-66for n = 4, 5, 6,..., for some s > 0. This last inequality is certainly
satisfied if
m-l
4 1
m+l. 2i+1 =
i=l
for m = 2, 3, 4,... Now
4 1 2
2C 2i+1 < +In (2m-1) < 1 - ~
m+1 2i - m+1
i=l
where c =1 - in 9/3
Hence the above equation in ~ is disconjugate on [0, 1] for k = 0
Examination of the Neumann series for a solution of this equation shows
that it is disconjugate also for k > 0.

-67IV. Numerical Methods
A host of numerical methods exists for obtaining discrete solutions
of differential equations. Among these, a particularly powerful 3-step
method suitable for solving the equation (2) is the Numerov method (see
e. g. (24)). Applied to the equation
y" = g(x) y + f(x)
the Numerov method is
2 1 2 1 2
(61) 62 [(1 h2 g)y hY2 + f + 1 62ff
1 1
where g = g(xn) = g(xO + nh), 6g(x) = g(x + h) - g(x - h)
and where h > 0 is the step size. Expanding (61) we compute Yn+l
n = 1, 2, 3... from
12 52 12 2 1 2
(1 - h gn+l) =(2 + 6h )h gnn 2h gn)Yn_ + h (f+ fn)
Tthe error in using this equation is approximately equal to -/ 240 6
at the ntth step.
Let us assume that g(x) = g(x, c), f- 0, and that we want to
determine an"eigenvalue" c such that y(0) = y(l) = O.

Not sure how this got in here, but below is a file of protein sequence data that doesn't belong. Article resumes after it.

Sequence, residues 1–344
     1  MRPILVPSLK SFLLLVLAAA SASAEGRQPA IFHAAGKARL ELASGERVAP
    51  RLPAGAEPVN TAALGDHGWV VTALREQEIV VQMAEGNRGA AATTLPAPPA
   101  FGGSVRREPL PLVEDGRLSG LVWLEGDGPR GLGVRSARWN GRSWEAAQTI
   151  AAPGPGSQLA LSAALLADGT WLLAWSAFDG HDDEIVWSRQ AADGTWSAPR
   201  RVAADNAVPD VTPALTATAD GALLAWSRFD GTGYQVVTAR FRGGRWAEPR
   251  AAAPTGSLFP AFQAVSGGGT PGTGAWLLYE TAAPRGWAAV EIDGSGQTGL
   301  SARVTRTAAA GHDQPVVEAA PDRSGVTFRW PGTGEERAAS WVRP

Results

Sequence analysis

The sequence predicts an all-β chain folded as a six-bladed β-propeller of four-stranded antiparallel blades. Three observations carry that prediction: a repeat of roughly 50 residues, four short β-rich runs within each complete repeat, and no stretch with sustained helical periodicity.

-68Differentiating the equations
(62) y" = g(x, c)y, y = y(O) = 0, Y1 = y(h) = Ah
with respect to c, we get the derived variational equation
(63) y + g(x, C)y + gc(x, c)y Y() =Yc(h) = 0
An algorithm is to set Nh =1, start with an approximate value of
c and compute y for this value c of c, n = 2, 3,..., N by use of
the Numerov method on (62). We next also compute y, n = 2, 3,..., N
using the Numerov method on (63), with the yn given by the numerical
solution of (62). We then set
YN
C =C -
a c, N
to get an improved value of c. In the case of convergence, E = Ic - C I
bounds the error in c, since ~ is replaced roughly by E2 after each
new iteration.
In the above we have combined two methods, Numerov's and
Newton's method. With fixed h, Newton's method will converge to
an exact eigenvalue of the discrete solution. We can test the accuracy

-69 -
of the numerical method by repeating the computations with a finer mesh
size h. Thus ini tlte case wheern this method produces an approximate